DEEP SPACE STATION 43

Deep Space Station 43 officially opened in 1973. It remains the largest steerable antenna in the Southern Hemisphere.

Quick Stats

First year of Operation: 1972

Type: Azimuth-Elevation

Diameter: 70 metres

Height: 73 metres

Transmit:  X-Band (7145-7190 MHz)
 S-Band (2090-2120 MHz)

Receive:  X-Band (8200-8600 MHz)
 S-Band (2200-2300 MHz)
 L-Band (1400-1900 MHz)
 K-Band (18.0-26.0 GHz)

Accuracy:  within 0.005° (pointing)
 within 0.25mm (surface RMS)

Turning: 0.25° per second

Winds:  Stow - steady at 72km/h
 gusts +88km/h
 Design Max. - 160km/h


Deep Space Station 43 (DSS-43) was constructed in 1969 to 1973 as a 64-metre diameter antenna. The 64-metre antenna was more than six times as sensitive as DSS-42, the original 26-metre at the Complex. Therefore DSS-43 could communicate with spacecraft at greater distances from Earth as the signal became weaker. DSS-43 supported, as needed, the Apollo 17 mission to the Moon before the antenna's official opening in 1973.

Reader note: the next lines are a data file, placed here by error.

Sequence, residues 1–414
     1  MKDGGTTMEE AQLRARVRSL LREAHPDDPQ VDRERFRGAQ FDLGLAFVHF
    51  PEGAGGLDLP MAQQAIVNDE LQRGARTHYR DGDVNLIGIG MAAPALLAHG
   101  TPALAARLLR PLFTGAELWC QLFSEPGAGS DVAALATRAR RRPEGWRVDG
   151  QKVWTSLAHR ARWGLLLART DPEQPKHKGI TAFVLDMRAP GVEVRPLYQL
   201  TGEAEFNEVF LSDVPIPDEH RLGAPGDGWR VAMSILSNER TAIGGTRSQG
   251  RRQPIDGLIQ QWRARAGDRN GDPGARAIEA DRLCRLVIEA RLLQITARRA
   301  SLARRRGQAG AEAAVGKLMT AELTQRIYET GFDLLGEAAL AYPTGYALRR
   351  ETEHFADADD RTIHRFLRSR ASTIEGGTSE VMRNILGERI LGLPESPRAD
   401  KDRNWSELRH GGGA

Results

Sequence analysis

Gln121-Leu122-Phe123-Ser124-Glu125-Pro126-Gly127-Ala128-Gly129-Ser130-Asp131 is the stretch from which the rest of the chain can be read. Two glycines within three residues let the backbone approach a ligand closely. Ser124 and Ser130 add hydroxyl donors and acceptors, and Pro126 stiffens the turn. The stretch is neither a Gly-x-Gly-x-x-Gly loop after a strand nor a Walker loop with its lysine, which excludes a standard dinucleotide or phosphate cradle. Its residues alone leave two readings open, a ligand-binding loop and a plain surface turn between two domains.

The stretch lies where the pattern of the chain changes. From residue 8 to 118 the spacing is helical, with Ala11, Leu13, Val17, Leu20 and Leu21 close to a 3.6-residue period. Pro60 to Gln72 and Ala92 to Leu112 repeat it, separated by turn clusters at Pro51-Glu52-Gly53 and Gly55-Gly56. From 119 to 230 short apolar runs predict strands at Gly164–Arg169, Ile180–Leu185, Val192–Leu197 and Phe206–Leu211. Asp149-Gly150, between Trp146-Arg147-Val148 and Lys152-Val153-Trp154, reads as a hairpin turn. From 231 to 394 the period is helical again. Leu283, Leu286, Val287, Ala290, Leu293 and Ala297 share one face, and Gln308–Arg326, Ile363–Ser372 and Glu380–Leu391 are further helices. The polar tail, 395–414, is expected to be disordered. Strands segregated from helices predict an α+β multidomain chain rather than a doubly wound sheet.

DSS-43 was extended from a 64-metre diameter antenna to a 70-metre diameter in 1987 to enhance its capabilities for the Voyager 2 1989 encounter with Neptune. It is the largest steerable parabolic antenna in the Southern Hemisphere. The massive structure, weighing more than 3000 tonnes, rotates on a film of oil approximately 0.17-mm thick. The reflector surface is made up of 1,272 aluminium panels with a total surface area of 4180 square metres. The outer panels are perforated, allowing rain and wind to pass through them.

Find more photos of Deep Space Station 43 in our Gallery.

Commonwealth Scientific and Industrial Research Organisation logo

Site Managers: Glen Nagle / Korinne McDonnell

© 2017: Canberra Deep Space Communication Complex